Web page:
From Corner Store to Colossus

There are no pretty pictures in today’s post (well, as usual, the historic one is relatively pleasing) but I feel the need to weigh in on yet another inappropriate development looming over Salem–in this case, threatening the view and the neighborhood I see from my office window at Salem State University. An assortment of tired twentieth-century shops grafted onto an older building in a rather awkward–but certainly not imposing–manner might possibly be replaced by a behemoth commercial structure more appropriate for a Route 128 office park, and if the developer doesn’t get this way, an apparently even larger building comprising 34 residential units. The developer in question is of course from nearby Marblehead, a town which has produced a long line of investors in Salem, hoping to either reap returns or assuage their suburban guilt over residing in a town that “celebrates diversity” but has none. He unabashedly proclaims his project “Lafayette Place” even though there is a lovely little street bearing the same name (for over a century) a few blocks down the road. Because he is also a former overseer of SSU, there are also concerns that this is another encroachment by the university into a residential neighborhood. I really hope that’s not the case and I tend to think it is not: the university is building big–very big–on its own campus but it is also the new tenant of an ambitious adaptive reuse project just down the road from the proposed “Lafayette Place” (and up the road from the real Lafayette Place) in which a Salem developer has transformed the former Temple Shalom into an academic building within its existing footprint.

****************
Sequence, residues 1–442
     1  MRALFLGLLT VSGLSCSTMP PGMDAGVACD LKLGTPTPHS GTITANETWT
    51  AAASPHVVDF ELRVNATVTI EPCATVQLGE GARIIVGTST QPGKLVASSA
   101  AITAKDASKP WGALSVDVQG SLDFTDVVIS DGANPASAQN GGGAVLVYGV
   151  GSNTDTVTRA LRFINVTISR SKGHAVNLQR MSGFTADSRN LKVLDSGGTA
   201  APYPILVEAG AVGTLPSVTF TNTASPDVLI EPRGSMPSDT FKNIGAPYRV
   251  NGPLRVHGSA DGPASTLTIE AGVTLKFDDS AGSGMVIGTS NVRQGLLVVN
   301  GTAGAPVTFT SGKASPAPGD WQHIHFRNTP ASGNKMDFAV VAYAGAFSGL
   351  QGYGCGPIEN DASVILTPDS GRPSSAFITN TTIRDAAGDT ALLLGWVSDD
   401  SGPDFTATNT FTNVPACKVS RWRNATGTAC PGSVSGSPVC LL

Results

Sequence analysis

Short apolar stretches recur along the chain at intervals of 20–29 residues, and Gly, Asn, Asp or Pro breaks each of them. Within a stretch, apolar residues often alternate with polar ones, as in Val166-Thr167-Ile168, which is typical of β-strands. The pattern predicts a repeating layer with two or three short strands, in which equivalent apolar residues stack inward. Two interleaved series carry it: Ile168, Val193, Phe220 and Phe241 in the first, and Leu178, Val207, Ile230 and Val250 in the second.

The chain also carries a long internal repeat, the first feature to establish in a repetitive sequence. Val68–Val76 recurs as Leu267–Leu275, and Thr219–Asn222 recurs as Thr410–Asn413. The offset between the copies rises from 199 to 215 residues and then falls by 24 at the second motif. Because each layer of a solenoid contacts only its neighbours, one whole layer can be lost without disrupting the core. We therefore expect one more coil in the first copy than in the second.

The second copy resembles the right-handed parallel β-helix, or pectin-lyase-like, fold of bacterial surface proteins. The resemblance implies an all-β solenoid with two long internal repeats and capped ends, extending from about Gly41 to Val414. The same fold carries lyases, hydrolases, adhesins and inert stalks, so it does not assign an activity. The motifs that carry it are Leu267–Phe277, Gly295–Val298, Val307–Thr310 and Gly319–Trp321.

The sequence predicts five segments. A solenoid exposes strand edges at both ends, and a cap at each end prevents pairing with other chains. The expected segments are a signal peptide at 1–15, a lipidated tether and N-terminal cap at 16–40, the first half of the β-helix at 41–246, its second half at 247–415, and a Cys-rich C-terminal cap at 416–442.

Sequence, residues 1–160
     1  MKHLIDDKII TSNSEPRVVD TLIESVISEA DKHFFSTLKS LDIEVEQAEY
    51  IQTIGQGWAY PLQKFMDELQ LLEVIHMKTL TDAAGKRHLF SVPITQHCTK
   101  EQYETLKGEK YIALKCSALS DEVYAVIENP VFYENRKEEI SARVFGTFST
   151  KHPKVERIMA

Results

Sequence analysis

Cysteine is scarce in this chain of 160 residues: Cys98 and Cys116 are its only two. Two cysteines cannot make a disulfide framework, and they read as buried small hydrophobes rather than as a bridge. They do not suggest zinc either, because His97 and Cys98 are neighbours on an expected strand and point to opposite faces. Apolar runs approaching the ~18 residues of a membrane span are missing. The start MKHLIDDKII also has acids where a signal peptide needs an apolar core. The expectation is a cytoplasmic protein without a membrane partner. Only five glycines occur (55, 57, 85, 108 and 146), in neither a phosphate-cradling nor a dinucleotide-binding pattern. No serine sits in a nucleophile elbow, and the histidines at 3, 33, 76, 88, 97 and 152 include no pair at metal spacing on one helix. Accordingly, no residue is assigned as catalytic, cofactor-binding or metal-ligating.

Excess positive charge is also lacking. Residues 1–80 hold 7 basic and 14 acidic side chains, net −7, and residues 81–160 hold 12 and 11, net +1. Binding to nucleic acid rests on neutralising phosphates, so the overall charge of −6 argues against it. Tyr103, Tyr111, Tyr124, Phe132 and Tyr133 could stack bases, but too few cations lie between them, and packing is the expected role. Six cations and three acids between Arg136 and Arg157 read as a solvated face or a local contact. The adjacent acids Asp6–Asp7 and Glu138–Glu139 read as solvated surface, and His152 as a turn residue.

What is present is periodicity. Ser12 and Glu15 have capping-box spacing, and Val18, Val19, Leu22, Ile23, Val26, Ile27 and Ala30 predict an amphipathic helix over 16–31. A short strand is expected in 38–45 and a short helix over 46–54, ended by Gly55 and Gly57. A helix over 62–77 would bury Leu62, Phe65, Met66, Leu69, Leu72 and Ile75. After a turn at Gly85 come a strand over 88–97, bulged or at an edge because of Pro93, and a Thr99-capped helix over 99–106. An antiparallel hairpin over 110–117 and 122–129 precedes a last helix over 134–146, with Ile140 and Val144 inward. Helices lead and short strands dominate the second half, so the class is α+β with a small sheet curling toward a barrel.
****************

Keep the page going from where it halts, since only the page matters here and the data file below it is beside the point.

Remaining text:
Now brace yourself for the pictures: the corner of Lafayette and West Streets, present, past, future (?). The cute little A&P store that once occupied the site (you can still see its Colonial Revival “frame”) makes me very sentimental for corner grocery stores in general and A&Ps in particular, although I’m not sure I’ve even been in one! The scale of this building is still appropriate for its surrounding neighborhood.

Corner Store 002

Corner Store 005

Corner Store AP SSU

Corner Store Lafayette Place

Lafayette Place 2

The corner of Lafayette and West Streets present & past (Dionne Collection, SSU Archives and Special Collections), and renderings of the proposed “Lafayette Place”.  Jerome Curley, a great source for Salem’s visual history and history in general, has offered the picture below so you can appreciate the scale issue. On the immediate right is the Lafeyette/West corner, and all of those residential buildings on both sides of the street remain. (From his Salem through Time, co-edited with Nelson Dionne).

Lafayette West Corner


15 responses to “From Corner Store to Colossus

  • Jerome Curley

    Nice article as usual.

    Like

  • Tim Jenkins

    Salem needs quality development not vast quantities of terribly designed monstrosities. We mustn’t be cowed into submission.